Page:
The N12 joins the N1 and they become one freeway northwards for four kilometres up to the Diepkloof Interchange, the south-western corner of the Johannesburg Ring Road. The R553 Road off-ramp in-between the Misgund and Diepkloof interchanges marks the beginning of the N12 being a toll road (an e-toll Highway; with open road tolling).

Road sign at the R553 Golden Highway off-ramp before the Diepkloof Interchange

As the N1 continues north through the western area of Johannesburg's municipality as the N1 Western Bypass, the N12 becomes the highway going eastwards through the southern area of Johannesburg as the N12 Southern Bypass. Here, the N12 Southern Bypass, which cuts a concrete swath through the rocky hills of southern Johannesburg, is apparently very reminiscent of the freeways of Los Angeles, and together with Johannesburg's sunshine, renders a real Southern California feel to that part of the city.

Just after splitting from the N1, north of Southgate Shopping Centre and south of the Aeroton industrial area, at the Uncle Charlie's Interchange, the N12 meets the M1 Freeway (north eastbound only), which is the freeway to Johannesburg Central and Sandton. The N12 highway continues eastwards, through many suburbs of Johannesburg South (like Ridgeway, Winchester Hills and Oakdene), to Alberton. At the Reading interchange with the R59 Sybrand van Niekerk Freeway in Alberton, the N12 begins to change direction, slowly turning northwards. The next off-ramp with the M31/R103 provides access to Alberton Central.

The N12 freeway eastbound near Alberton

At the Elands Interchange, the N12 flies over the N17 Freeway and merges with the N3 Freeway from Heidelberg and Durban to form the N3 Eastern Bypass portion of the Johannesburg Ring Road, going northwards. At the Elands Interchange, as part of the Gauteng Freeway Improvement Scheme, two slip roads have been made linking the N17 Freeway to the N12 Freeway. It is now possible to travel from the N17 West to the N12 West and from the N12 East to the N17 East (previously only possible via the N3).

While cosigned with the N3 northwards, they are one road, bypassing Germiston (Capital of Ekurhuleni) to the west and intersecting with the M2 Freeway at the Geldenhuys Interchange, where the M2 provides access to Germiston Central in the east and Johannesburg Central in the west.

The N3/N12 continue northwards up to the George Bizos Interchange (previously known as the Gillooly's Interchange[3]) in Bedfordview, east of the Eastgate Shopping Centre. At this interchange, the N12 leaves the Eastern Bypass portion of the Johannesburg Ring Road (which remains designated as the N3 up to Johannesburg North) and joins the R24 Airport Freeway eastwards. Due to common traffic at this interchange, it is purported to be the busiest interchange in the Southern Hemisphere.[citation needed]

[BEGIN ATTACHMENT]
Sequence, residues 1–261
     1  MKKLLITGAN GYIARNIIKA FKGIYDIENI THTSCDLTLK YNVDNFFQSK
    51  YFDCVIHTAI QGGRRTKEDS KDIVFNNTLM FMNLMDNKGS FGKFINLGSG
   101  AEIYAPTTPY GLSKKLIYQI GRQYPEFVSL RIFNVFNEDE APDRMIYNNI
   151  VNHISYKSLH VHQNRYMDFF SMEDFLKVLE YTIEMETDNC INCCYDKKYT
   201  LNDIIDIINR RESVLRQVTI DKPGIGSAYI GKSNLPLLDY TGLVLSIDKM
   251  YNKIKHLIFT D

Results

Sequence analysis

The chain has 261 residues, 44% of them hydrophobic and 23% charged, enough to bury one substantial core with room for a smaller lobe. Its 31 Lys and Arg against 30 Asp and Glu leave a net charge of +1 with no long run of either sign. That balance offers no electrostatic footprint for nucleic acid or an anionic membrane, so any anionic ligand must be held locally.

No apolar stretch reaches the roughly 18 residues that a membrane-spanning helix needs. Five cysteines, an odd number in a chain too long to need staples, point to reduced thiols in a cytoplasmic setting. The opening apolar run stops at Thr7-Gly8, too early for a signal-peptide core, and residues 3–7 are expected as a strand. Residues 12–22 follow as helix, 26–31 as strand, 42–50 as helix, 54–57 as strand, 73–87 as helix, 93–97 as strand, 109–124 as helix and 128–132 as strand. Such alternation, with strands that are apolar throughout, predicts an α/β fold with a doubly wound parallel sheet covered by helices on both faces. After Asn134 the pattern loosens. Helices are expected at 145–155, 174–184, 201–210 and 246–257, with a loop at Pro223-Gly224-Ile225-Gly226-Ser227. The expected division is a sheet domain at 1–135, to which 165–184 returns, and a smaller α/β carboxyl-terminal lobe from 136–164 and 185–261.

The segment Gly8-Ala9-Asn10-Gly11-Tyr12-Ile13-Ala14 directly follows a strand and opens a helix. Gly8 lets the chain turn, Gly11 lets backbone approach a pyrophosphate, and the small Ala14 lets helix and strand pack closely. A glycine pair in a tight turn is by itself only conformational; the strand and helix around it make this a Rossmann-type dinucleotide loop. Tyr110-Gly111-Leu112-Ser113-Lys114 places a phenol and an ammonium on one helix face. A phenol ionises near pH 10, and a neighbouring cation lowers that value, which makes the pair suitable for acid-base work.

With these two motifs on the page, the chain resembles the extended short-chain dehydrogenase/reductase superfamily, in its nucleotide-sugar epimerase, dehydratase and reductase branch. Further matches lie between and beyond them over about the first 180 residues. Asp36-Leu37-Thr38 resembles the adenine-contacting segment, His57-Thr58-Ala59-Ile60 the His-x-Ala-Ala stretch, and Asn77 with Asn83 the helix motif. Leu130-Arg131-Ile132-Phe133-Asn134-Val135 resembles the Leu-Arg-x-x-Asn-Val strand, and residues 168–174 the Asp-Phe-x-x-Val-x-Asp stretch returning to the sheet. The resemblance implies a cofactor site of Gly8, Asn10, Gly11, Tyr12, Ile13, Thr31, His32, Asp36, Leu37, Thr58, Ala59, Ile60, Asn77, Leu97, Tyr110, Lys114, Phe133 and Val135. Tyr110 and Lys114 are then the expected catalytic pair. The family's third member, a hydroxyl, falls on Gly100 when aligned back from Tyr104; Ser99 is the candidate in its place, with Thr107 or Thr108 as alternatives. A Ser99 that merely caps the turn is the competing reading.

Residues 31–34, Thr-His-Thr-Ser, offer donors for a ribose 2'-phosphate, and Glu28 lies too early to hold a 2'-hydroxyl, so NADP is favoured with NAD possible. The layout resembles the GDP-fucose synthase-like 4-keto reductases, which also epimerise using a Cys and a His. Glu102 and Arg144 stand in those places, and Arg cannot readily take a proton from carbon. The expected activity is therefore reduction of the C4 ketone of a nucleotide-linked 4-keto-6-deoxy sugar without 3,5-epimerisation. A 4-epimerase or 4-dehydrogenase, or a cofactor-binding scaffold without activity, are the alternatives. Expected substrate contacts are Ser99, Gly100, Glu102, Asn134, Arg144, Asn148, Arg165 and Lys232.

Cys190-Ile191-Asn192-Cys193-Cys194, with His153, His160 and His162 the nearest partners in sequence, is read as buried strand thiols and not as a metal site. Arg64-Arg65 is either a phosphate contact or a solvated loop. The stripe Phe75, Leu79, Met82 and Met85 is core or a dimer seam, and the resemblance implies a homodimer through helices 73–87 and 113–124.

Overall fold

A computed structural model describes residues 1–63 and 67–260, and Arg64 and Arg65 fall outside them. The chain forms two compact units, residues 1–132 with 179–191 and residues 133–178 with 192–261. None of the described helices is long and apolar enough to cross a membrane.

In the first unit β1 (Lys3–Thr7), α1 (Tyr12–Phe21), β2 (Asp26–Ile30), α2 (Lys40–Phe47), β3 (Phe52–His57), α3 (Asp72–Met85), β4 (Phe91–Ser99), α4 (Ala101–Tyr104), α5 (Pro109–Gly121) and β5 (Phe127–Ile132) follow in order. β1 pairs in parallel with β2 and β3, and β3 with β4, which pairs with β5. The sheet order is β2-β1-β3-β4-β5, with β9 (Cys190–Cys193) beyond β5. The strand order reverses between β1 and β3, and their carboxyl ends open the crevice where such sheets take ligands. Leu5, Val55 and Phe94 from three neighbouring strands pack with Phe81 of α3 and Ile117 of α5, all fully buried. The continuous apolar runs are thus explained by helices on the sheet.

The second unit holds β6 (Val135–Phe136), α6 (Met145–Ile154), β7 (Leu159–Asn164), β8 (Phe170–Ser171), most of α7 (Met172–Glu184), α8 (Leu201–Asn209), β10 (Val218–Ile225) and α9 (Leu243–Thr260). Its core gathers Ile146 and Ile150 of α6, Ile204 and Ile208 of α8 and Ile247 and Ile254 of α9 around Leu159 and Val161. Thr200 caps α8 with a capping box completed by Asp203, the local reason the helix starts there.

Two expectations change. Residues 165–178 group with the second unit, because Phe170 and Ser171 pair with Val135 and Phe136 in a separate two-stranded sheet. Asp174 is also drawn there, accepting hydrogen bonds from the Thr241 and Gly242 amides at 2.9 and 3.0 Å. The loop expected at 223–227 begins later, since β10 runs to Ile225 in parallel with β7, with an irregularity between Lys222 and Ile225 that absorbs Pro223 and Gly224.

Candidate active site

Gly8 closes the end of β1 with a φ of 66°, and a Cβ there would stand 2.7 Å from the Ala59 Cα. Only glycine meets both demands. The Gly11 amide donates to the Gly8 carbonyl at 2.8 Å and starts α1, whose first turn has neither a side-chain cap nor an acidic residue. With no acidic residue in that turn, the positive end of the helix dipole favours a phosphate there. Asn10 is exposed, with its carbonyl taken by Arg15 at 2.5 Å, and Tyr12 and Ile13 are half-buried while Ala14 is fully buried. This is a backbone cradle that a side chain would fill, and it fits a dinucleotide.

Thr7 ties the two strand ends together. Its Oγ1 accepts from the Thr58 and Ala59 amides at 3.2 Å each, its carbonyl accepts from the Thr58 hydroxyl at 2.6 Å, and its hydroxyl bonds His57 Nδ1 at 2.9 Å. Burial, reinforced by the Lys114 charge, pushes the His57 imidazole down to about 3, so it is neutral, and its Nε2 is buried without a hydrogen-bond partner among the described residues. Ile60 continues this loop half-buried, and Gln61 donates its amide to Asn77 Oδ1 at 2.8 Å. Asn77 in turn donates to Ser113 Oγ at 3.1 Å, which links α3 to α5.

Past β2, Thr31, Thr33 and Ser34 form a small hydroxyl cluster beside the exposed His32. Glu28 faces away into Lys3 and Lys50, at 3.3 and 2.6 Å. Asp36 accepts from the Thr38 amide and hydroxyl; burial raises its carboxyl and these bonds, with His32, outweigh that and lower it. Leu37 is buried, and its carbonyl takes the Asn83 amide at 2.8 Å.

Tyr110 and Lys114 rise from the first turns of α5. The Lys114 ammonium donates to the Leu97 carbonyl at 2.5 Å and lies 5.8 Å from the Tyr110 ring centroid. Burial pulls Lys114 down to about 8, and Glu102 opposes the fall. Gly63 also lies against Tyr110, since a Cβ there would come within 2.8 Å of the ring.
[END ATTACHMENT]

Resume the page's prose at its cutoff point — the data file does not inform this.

The N12 is cosigned with the R24 for 2 kilometers. Just before the Edenvale Road off-ramp, the R24 and the N12 split, with the R24 becoming its own east-north-east freeway towards O. R. Tambo International Airport (Johannesburg International Airport) and the N12 continuing eastwards on its present highway towards Benoni and Witbank.

The N12 continues through the City of Ekurhuleni Metropolitan Municipality, bypassing Germiston and Boksburg to the north. North of Boksburg, the N12 meets the R21 Toll Freeway from Pretoria and O. R. Tambo International Airport in the north (providing access to Boksburg Central in the south). It continues east as the road separating Benoni Central from Benoni's northern suburbs (where it meets the R23 north of the town centre).

It continues eastwards, bypassing Daveyton and Etwatwa, to leave the City of Ekurhuleni Metropolitan Municipality and enter the Mpumalanga Province. At the R51 Road exit in Daveyton (north of Springs), the N12 stops being a toll road (the N12 stops being an e-toll highway).


In Mpumalanga, the N12 continues as a dual carriageway freeway and the first town it bypasses is the town of Delmas. From the R50 Delmas exit, The N12 goes for another 60 km east, meeting the R42 and bypassing Ogies, to eMalahleni (Witbank).

The N12 National Route marks its end at the point where it merges with the N4 Highway East (Maputo Corridor) (Pretoria-Maputo Highway) in Witbank East, just before the city of Middelburg.

Trans-African Highway Network[edit]

The N18 Road from the Botswana Border, passing through Mahikeng and Vryburg of the North West Province to Warrenton, together with the N12 to Beaufort West and the N1 Road to Cape Town in the Western Cape are collectively declared part of the Trans African Highway no. 4 Extension (Cairo-Cape Town Highway) (Great North Road). The N12 between Three Sisters and Warrenton is very important as it is part of the Trans-African Highway Network number 4 Extension between Gaborone and Cape Town.

Meiringspoort Pass[edit]

The Meiringspoort section in the Swartberg between De Rust and Klaarstroom follows the gorge cut by the Groot River. It is a scenic drive crossing twelve old drifts (replaced by bridges today). From De Rust one will cross the drifts in the following order: Spook drift, Boesman drift, Nooiensboom drift, Dubble Drif se Draai, Ou tol drift, Wa drift, Witfontein se drift, Ontploffings drift, Perskeboom drift, Wasgat drift, Eerste/Laaste drift.[4][5]


  • Herrie's Stone, Meiringspoort. The writer C.J. Langenhoven chiselled the name of the elephant Herrie from his book Sonde met die Bure, on this rock in July 1929.[6]


  1. ^ Falkner, John (May 2012). South African Numbered Route Description and Destination Analysis (Report). National Department of Transport. pp. 27–30. Archived from the original on 6 June 2014. Retrieved 12 August 2014.
  2. ^ http://www.theheritageportal.co.za/sites/default/files/styles/adaptive/public/Department%20of%20Transport%20Map%20South%20Africa%201959.jpg?itok=TncXhikX[bare URL image file]
  3. ^ "Here are the streets affected by Ekurhuleni's new name changes". The Citizen. 13 October 2021. Retrieved 2 January 2022.
  4. ^ G. Ross: Romance of Cape Mountain Passes. New Africa Books. 2004. ISBN 0864866631, 9780864866639. p.89.
  5. ^ Meiringspoort pass
  6. ^ "Herrie's Stone, Meiringspoort, Oudtshoorn District - 9/2/068/0010". South African Heritage Resource Agency. Archived from the original on 4 March 2016.

External links[edit]